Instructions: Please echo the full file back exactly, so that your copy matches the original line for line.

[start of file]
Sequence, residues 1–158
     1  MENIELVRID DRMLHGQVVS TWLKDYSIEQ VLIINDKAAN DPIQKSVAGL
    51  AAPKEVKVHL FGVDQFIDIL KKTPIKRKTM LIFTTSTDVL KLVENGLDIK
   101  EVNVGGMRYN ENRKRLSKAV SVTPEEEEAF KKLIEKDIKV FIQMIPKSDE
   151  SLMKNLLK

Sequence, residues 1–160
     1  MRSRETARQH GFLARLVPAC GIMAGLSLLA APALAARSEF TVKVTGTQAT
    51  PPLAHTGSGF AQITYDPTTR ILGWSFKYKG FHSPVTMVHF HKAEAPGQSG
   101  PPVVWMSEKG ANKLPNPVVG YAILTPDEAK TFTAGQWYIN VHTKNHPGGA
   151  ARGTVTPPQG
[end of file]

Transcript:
Sequence, residues 1–158
     1  MENIELVRID DRMLHGQVVS TWLKDYSIEQ VLIINDKAAN DPIQKSVAGL
    51  AAPKEVKVHL FGVDQFIDIL KKTPIKRKTM LIFTTSTDVL KLVENGLDIK
   101  EVNVGGMRYN ENRKRLSKAV SVTPEEEEAF KKLIEKDIKV FIQMIPKSDE
   151  SLMKNLLK

Sequence, residues 1–160
     1  MRSRETARQH GFLARLVPAC GIMAGLSLLA APALAARSEF TVKVTGTQAT
    51  PPLAHTGSGF AQITYDPTTR ILGWSFKYKG FHSPVTMVHF HKAEAPGQSG
   101  PPVVWMSEKG ANKLPNPVVG YAILTPDEAK TFTAGQWYIN VHTKNHPGGA
   151  ARGTVTPPQG